The Growing Influence of the United Arab Emirates in a Complex Central Asian Region

Sheikh Mohammed bin Zayed, Crown Prince of Abu Dhabi (L) and Nursultan Nazarbayev, President of Kazakhstan (R) in Astana during an official state visit in July 2018 /AFP

Sheikh Mohammed bin Zayed, Crown Prince of Abu Dhabi and Nursultan Nazarbayev, President of Kazakhstan in Astana during an official state visit in July 2018 /AFP

With vast energy sources and favorable geography, Central Asia has been subject to intense rivalries between Russia, China, Iran, Turkey, and the Gulf monarchies, among others, for influence.

The energy sector has become the key prize, with natural gas being of greatest importance. Increasingly, gas is a major source of exports for the region. Central Asia accounts for about 4 percent of global energy deposits. The oil reserves in Central Asia and along the Caspian Sea coast amount to 17 to 33 bbl/d, which are comparable to that of Qatar The Gulf monarchies have been particularly active in this area in recent years, signing several memoranda and partnerships in the region. The energy giant UAE heavily invests in energy sector of the Central Asian countries to increase its own footprint in the region, bring additional investments to fragile economies, and help them to move away from the energy-based economy. Also, the UAE’s growing investments in the region give additional leverage to Dubai-based private companies operating in these countries.

The United Arab Emirates (UAE) has proven particularly successful, strengthening its ties by hosting official visits by Uzbek leader Shavkat Mirziyoyev and his Kazakh counterpart President Kassym-Jomart Tokayev. While Tajikistan has opted for closer ties with Saudi Arabia, its Persianate identity keeps it in Iran’s orbit, leading the UAE to view it as a key link to countering Tehran’s influence on its flank. Riyadh – Dushanbe cooperation strengthened in 2015 when Tajikistan received additional Saudi loans to build infrastructure. Prior to this, Dushanbe – Tehran relations were seriously damaged due to President Rahmon’s open criticism towards Iran regarding the “funding of Islamist opposition in the country.” However, the frost eased in 2019 by President Hasan Rouhani’s official visit to Dushanbe that led to further thaw between the two. Abu Dhabi has pushed for soft-power diplomacy in recent months, providing medical aid to Dushanbe in its fight against Covid-19.

Central Asia has become a key fixture in the UAE’s vision for regional connectivity. For Caspian sea littoral states Kazakhstan and Turkmenistan, the UAE sees an opportunity to utilize their ports for access to Belt and Road Initiative-linked transportation and energy corridors.

Kazakhstan has remained the key focus of UAE diplomacy, with over 200 Emirati companies operating in Central Asia’s largest economy. In addition, UAE-based companies such as the Mubadala Development Company have agreed to construct a multi-billion-dollar chemical complex in the Atyrau region. Total trade between the two countries totaled $500 million last year and grew by 10 percent between January and November 2019, while direct investments from the UAE to Kazakhstan amounted to $2.1 billion (with $1 billion invested by the UAE in Kazakhstan in turn).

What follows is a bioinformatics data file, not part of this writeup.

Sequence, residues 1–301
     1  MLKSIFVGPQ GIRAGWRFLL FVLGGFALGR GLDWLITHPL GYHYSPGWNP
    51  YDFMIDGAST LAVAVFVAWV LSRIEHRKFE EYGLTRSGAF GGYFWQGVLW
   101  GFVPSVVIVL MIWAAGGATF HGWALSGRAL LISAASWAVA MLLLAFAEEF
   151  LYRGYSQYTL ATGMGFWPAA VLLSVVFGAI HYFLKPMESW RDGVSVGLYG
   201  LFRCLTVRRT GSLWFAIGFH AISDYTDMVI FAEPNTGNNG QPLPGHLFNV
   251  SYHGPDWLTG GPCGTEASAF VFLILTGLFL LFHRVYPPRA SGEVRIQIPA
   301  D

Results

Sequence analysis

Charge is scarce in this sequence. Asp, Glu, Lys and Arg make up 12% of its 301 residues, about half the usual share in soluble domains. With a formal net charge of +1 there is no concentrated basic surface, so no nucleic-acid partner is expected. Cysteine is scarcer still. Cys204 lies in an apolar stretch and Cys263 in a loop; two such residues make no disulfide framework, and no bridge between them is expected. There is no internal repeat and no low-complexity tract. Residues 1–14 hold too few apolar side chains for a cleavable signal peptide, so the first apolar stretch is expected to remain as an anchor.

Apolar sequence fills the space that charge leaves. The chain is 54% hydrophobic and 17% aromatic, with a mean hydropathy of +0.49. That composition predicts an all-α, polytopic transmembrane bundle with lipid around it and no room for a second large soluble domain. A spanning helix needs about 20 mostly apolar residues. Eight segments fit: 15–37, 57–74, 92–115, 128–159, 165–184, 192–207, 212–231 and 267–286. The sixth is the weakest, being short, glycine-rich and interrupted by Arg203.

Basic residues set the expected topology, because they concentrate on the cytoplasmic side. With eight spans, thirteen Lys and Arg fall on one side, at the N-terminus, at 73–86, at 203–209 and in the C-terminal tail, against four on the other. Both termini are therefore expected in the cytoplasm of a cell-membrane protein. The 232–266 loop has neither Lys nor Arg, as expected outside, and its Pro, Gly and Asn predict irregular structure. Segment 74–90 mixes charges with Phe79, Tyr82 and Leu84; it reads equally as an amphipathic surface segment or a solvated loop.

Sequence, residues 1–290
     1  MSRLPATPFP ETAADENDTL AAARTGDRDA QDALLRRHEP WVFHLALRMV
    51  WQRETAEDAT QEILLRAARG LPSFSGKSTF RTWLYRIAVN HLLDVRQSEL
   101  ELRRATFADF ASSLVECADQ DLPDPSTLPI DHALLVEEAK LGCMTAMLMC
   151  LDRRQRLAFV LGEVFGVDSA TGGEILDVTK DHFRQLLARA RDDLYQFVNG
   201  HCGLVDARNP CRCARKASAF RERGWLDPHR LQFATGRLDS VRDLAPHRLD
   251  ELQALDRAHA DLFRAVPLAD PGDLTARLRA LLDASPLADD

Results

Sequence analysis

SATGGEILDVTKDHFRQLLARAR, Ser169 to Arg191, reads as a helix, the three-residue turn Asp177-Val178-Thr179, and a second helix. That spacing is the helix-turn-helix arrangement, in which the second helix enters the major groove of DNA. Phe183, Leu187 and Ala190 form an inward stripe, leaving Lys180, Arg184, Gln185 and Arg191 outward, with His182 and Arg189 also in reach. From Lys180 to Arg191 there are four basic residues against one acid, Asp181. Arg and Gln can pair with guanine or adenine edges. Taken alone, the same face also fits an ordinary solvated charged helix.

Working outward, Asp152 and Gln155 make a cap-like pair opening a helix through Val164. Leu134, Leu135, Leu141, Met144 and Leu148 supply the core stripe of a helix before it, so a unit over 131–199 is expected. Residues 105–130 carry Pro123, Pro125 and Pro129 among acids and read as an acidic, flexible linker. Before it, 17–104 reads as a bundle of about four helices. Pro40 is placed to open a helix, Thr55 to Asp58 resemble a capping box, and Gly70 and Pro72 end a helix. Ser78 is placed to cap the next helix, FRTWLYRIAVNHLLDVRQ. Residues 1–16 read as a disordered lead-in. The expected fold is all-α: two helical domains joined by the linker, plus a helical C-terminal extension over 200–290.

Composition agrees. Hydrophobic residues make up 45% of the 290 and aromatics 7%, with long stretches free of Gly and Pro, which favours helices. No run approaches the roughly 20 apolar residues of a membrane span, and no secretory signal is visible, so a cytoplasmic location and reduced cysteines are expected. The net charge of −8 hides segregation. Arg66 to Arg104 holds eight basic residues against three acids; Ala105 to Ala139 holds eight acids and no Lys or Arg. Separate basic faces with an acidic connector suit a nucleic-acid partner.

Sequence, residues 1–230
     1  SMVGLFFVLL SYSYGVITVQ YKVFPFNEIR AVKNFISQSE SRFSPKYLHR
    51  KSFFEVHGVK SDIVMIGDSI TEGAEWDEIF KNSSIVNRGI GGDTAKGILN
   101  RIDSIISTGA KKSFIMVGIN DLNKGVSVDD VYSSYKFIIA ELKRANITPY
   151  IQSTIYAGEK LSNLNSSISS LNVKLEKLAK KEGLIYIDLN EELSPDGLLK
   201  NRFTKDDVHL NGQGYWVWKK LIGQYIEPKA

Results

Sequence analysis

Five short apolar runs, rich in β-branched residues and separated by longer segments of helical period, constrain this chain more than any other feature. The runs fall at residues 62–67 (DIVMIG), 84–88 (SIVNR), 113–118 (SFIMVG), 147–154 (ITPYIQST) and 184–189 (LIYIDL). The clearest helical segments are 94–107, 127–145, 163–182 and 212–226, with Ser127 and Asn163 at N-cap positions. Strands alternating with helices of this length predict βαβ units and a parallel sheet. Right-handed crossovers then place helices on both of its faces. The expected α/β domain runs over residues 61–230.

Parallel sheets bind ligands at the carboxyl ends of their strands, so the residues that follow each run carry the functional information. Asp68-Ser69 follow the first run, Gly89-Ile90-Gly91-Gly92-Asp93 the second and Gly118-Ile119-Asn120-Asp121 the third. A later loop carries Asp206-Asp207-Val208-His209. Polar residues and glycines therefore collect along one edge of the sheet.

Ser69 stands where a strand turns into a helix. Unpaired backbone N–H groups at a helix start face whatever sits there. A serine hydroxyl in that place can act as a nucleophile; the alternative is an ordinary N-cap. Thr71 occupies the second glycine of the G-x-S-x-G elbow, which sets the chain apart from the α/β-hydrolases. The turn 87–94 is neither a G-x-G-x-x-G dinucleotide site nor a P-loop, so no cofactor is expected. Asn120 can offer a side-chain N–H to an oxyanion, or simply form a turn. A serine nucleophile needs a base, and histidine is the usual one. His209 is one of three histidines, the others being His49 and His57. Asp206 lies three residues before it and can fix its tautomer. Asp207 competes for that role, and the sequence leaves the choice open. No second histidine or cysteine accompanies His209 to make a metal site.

As for Turkmenistan, the UAE-based Dragon Oil has been working in the country for 15 years, extracting 90,000 barrels of oil per day. In addition, Dragon Oil remains the only foreign producer that exports Turkmen oil to global markets, providing a key source of income for Ashgabat, which has been embroiled in crisis since 2015.

Outside actors like the European Union have long struggled to break the economic stranglehold posed by Russia and China in the region. The UAE may prove a more successful source of balance for Central Asia’s multi-vector oriented regimes.

Although the Central Asian region does not possess critical importance for the UAE’s national interests, it has nevertheless become a key fixture in the country’s growing rivalry with Turkey and Iran. In terms of counteracting the latter, and providing a source of leverage against Moscow and Beijing, the U.S. is likely to view the Gulf’s engagement with the region in a positive light in this author’s opinion.

But far from counteracting regional powers like China, UAE’s presence is complementary, desiring a position on the BRI. Ultimately, Central Asia acts as a conduit for the intensification of ties between the UAE and China. Nevertheless, while infrastructure remains the core interest for UAE in the short-term, sustained engagement will likely result in thicker relations, including security and defense cooperation.

Such a partnership will ultimately assist regional players like Kazakhstan and Uzbekistan in managing their relations between Russia and China while providing a vital source of revenue for cash-strapped regimes like Turkmenistan.

Fuad Shahbazov is Senior Research Analyst at the Center for Strategic Communications in Baku, Azerbaijan.

The piece was originally published by Oxus Society for Central Asian Affairs

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